A year and a half ago, America came close — at least in astronomical terms — to finding out what could happen. In July 2012, a massive ejection from a solar storm headed toward Earth. The storm was the size of Carrington's. It missed Earth's orbital position by seven days.
That was a wake-up call, said Daniel Baker, director of the Laboratory for Atmospheric and Space Physics at the University of Colorado, Boulder.
At a San Francisco meeting of the American Geophysical Union in December, Baker proposed the government take the information collected from the 2012 event and use it to create a kind of geomagnetic "war games" to simulate the effects of a huge solar flare, "rather than waiting to be clobbered by a direct hit."
Congress has taken note, as has the Federal Energy Regulatory Commission, which has asked utilities to assess their vulnerabilities and come up with plans.
Many in Congress want to go further, pushing measures to force utilities to update their systems. Congressional investigators have warned that in a major crisis, the "mutual assistance agreements" under which utilities help one another in disasters would fall apart.
Supporters of the legislation, which passed the House in 2010 but died in the Senate, have suggested requiring utilities to keep more spare transformers and other equipment on hand. They also want utilities to install "blocking capacitors" and other devices to shield key equipment.
In Quebec, the government invested $1.2 billion installing such devices after the 1989 blackout. The cost to U.S. utilities would be substantially more, given the size and complexity of the American power grid.
In Maine, lawmakers who grew impatient waiting for Congress to pass a bill have gone ahead with their own measure requiring utility action. Other states are pondering similar bills.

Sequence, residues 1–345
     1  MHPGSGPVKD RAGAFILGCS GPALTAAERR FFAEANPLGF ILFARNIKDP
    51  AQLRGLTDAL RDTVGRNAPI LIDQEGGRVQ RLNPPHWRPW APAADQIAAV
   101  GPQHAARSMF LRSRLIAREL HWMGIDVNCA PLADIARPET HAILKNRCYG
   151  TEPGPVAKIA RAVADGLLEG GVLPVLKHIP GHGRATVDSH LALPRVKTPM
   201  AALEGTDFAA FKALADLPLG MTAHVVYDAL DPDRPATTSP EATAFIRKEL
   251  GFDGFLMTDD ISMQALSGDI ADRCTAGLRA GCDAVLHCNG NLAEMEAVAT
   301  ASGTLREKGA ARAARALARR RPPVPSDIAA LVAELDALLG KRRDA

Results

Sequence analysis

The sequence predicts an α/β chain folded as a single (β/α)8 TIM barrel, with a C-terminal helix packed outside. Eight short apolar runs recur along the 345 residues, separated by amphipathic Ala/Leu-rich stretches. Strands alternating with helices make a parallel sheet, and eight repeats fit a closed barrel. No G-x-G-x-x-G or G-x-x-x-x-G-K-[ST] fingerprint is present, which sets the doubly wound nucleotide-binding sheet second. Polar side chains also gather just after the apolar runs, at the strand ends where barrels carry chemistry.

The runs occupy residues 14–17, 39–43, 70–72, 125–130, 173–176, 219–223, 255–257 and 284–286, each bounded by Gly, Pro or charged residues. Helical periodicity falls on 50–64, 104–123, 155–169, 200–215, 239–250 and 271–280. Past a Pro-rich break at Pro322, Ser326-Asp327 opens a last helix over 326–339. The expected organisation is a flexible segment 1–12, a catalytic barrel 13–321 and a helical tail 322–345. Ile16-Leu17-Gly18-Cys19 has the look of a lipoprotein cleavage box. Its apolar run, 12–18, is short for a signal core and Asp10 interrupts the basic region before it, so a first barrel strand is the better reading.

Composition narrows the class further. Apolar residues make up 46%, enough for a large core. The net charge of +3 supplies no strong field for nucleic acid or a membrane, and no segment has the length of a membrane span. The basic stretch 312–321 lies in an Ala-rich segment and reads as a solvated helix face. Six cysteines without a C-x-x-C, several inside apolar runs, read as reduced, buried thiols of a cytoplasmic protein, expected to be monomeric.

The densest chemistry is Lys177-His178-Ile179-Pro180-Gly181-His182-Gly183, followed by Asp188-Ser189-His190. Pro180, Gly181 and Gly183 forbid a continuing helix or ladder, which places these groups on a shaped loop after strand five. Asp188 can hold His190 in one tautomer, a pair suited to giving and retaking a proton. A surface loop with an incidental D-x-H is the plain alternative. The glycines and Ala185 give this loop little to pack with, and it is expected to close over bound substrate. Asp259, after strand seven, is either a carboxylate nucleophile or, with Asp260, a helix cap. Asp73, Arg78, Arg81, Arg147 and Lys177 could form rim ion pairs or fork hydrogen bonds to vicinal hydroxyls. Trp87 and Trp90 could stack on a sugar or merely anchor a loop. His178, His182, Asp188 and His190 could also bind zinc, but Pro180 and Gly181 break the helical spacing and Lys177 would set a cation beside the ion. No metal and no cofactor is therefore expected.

Utilities have resisted such major investments, opting instead for a strategy focused on shifting power loads to soften the blow to the grid in the event of an extreme solar storm.
In Congress, the effort has drawn unusual bipartisan backing, including many tea party Republicans as well as liberals such as Rep. Henry A. Waxman (D-Beverly Hills), whose staff co-wrote a report concluding that power companies are unprepared.
"This has become a strange alliance," said Peter Pry, a former CIA analyst at the forefront of lobbying efforts to "harden" the grid.
"I am a tea party Republican who does not like big government. But people like me who are genetically antigovernment are nonetheless trying to expand its regulatory powers to do something about this," he said.
The tea party interest stems largely from the efforts of people including Gingrich, Bartlett and former CIA Director James Woolsey, who have spent years warning of the danger, not of a solar flare but of a similar electromagnetic pulse caused by a terrorist act.
In theory, a terrorist group with a nuclear weapon could unleash a high-altitude explosion that would create a pulse large enough to mimic the impact of a massive solar storm.
"An attack of this sort is much easier than most nuclear attacks people talk about," Woolsey said at the same conference where Murtagh spoke. "People say, 'The North Koreans, Iranians, whoever, are not crazy. There would be retaliation. Let's forget about this.' I don't think so."
Others have their doubts.
"The capacity we have to model out the effects of this kind of attack is very limited," said Jeffrey Lewis, a nonproliferation scholar at the Monterey institute of International Studies. "People are saying these outlandish things that are not related to data. You get skeptical of them really quick."
Lewis believes the doomsday scenarios are being peddled in the interest of other agendas, such as promoting missile defense systems and early strikes on Iran and North Korea.
As that debate plays out, Bartlett, the former congressman, is holding out hope that Congress or the states will ultimately force utilities to do more. In the meantime, he offers this advice: Get over to Sam's Club.